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NBA All-Star Metta World Peace: “How I Thrive As An Athlete Turned Entrepreneur”

It’s really all about teamwork. I learned that principle on the court, and I always bring that same mindset to my businesses. Try to find a team, don’t do anything on your own if you don’t have to, and delegate well. No one person can do it all, and I’m grateful to have been surrounded […]

It’s really all about teamwork. I learned that principle on the court, and I always bring that same mindset to my businesses. Try to find a team, don’t do anything on your own if you don’t have to, and delegate well. No one person can do it all, and I’m grateful to have been surrounded by a strong team that balances out my weaknesses with their strengths.


As a part of our series about how successful “athlete turned entrepreneurs” thrive both professionally and personally, I had the distinct pleasure of interviewing…Metta World Peace. NBA All-Star Metta World Peace is an entrepreneur, mental health advocate, and player development coach for the South Bay Lakers of the NBA G League. In addition to winning the 2010 NBA championship as a member of the Los Angeles Lakers, World Peace gained a reputation as one of the league’s premier defenders as he won the NBA Defensive Player of the Year Award in 2004 when he was also named an NBA All-Star and earned All-NBA honors. His recently released Showtime documentary Quiet Storm: The Ron Artest Story explores World Peace’s advocacy for mental health among athletes.


Thank you so much for joining us Metta! What or who inspired you to pursue your career as a high-level professional athlete?

Iwas inspired by most of the great basketball players, and Michael Jordan’s hustle was a huge source of inspiration for me personally.

What is the funniest or most interesting mistake that occurred to you in the course of your sports career? What lesson or take away did you learn from that?

Early in my career, I most regret not working out every day. It led to me not playing my best. I needed to fully commit myself to the practice, and once I started to train harder, I started playing better.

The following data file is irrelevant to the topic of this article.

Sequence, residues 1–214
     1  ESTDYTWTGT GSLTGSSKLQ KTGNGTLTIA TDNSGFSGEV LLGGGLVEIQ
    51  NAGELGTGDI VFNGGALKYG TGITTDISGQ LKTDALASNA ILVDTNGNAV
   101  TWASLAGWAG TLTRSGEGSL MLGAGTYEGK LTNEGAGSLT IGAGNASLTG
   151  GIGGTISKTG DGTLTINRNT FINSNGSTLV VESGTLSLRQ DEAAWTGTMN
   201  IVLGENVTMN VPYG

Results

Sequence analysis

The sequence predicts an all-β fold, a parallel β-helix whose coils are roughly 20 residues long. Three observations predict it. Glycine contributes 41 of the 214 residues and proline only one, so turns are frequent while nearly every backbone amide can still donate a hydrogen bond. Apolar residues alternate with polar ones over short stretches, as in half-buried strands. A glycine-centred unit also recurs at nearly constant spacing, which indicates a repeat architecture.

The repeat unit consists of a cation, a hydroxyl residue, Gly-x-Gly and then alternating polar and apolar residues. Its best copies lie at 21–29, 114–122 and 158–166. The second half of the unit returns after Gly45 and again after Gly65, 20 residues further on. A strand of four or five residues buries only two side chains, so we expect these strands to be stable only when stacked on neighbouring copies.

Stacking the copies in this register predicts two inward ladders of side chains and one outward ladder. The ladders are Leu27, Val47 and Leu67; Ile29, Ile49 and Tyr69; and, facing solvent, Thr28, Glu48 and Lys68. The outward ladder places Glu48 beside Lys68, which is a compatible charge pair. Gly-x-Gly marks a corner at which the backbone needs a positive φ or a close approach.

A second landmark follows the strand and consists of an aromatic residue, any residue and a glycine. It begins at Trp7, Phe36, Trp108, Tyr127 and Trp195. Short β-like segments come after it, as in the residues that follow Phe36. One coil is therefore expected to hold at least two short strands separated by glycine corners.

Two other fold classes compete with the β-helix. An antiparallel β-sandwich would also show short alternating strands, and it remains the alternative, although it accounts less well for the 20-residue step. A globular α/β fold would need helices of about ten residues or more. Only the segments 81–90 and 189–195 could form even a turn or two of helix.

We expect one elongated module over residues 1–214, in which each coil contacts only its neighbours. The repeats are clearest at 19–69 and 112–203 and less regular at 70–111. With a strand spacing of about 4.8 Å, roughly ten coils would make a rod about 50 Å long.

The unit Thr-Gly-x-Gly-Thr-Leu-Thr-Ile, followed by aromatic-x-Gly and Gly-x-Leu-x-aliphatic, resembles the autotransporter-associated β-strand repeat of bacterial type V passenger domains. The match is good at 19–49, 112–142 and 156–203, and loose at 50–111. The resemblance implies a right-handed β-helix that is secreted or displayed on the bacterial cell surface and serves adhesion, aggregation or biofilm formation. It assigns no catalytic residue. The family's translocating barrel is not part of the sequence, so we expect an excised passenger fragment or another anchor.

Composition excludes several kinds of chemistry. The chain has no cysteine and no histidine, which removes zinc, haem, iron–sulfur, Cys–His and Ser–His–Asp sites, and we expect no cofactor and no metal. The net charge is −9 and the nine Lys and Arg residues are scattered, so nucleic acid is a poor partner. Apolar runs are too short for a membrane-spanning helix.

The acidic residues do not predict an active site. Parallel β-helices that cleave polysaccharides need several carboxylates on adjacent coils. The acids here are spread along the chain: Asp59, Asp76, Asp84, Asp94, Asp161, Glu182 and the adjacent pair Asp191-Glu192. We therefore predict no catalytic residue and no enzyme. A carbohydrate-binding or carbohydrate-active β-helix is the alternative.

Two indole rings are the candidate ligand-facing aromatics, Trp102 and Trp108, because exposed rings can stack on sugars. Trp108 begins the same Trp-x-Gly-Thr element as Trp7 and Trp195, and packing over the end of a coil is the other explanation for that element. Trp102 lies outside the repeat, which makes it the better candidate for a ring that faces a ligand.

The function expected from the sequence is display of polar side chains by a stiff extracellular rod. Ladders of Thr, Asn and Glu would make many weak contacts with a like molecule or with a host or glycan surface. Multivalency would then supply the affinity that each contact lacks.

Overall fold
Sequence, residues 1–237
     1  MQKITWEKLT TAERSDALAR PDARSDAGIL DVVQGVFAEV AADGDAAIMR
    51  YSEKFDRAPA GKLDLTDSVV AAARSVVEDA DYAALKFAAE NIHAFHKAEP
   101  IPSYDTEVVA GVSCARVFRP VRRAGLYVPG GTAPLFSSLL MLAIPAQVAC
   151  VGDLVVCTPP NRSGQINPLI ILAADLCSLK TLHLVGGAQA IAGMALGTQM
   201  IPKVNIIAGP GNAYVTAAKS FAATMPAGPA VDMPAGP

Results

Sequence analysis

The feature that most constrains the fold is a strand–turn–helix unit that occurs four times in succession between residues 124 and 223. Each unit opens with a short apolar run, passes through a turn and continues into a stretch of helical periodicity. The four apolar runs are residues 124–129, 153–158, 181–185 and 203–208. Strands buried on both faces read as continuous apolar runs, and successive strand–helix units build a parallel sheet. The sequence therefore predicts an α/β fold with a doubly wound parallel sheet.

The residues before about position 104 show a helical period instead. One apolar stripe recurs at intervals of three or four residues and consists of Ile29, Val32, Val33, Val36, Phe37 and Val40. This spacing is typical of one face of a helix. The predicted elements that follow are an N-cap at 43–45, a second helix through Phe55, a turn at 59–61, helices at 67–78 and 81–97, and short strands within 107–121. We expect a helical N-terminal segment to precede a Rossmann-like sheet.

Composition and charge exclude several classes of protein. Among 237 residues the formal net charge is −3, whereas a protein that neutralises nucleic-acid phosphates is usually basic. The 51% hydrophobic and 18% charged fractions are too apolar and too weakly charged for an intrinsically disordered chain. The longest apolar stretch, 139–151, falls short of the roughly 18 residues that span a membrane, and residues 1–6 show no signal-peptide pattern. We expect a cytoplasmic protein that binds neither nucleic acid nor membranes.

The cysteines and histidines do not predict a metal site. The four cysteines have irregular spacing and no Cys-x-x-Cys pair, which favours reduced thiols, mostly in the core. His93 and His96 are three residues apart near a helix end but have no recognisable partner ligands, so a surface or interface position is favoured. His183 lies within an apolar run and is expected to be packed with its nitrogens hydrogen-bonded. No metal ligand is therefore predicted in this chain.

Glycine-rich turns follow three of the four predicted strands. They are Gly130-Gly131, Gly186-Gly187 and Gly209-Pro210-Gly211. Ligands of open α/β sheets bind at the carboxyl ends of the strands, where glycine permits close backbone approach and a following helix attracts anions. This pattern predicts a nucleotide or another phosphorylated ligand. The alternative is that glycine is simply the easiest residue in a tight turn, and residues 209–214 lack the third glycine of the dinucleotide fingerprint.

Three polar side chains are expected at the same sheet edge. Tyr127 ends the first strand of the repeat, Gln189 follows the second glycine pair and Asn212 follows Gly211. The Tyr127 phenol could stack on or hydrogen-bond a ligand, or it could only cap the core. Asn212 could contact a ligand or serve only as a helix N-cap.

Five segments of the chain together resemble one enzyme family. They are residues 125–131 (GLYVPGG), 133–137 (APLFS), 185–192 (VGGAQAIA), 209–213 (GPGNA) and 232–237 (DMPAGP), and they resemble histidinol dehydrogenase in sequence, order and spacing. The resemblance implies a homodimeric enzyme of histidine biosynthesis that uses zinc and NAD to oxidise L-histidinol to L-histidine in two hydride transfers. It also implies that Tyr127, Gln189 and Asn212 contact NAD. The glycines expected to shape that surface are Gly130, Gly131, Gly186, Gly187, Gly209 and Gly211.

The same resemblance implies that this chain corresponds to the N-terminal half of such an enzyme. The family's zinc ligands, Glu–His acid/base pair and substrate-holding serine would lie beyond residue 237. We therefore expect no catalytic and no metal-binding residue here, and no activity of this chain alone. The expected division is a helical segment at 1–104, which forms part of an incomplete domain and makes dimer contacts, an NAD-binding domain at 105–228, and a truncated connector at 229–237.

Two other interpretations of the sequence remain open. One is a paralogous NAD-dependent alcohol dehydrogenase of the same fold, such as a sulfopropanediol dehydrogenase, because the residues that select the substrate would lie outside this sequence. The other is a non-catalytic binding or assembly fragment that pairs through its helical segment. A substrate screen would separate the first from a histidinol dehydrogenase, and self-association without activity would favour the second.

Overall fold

Tell us the story of your transition from a professional athlete to a successful business person.

If you work hard and focus on the task and execute, then you’ll be able to apply it to your family, business, and sports. The first time I put on a Buttercloth shirt, I instantly felt relief. I actually used to go to meetings in t-shirts and change into dress shirts because I hated my dress shirts so much. Coming across Buttercloth, I was so excited to find a shirt that made me look stylish and feel comfortable.

What are some of the most interesting or exciting new projects you are working on now?

I’m most excited about XvsX, a subscription service that aims to bring premium basketball experiences to players of all skill levels. This platform has a ton of potential to impact players around the globe. I created it to help connect coaches and inspiring basketball players to reach their dreams. Right now, you have to go to the NBA or overseas to play professionally and develop your skillset, and there are not enough spots for all the talented basketball players out there. This pro-experience will allow more people to grow and reach their dreams.

Most athletes have not been able to transfer their success from the sports arena to the business arena. But you have. Can you share with our readers a few main strategies you have used to help you succeed?

It’s really all about teamwork. I learned that principle on the court, and I always bring that same mindset to my businesses. Try to find a team, don’t do anything on your own if you don’t have to, and delegate well. No one person can do it all, and I’m grateful to have been surrounded by a strong team that balances out my weaknesses with their strengths.

How do you leave the executive at the door and be the most loving family member at home?

Growing up, there weren’t a lot of entrepreneurs in my household. While none of my family members had college degrees, they definitely had hustle. Growing up in that hardworking environment, we always made sure we stuck together. Nowadays, we’re all focusing on education and business. With plans to grow ourselves both personally and professionally. our family is stronger and better than ever.

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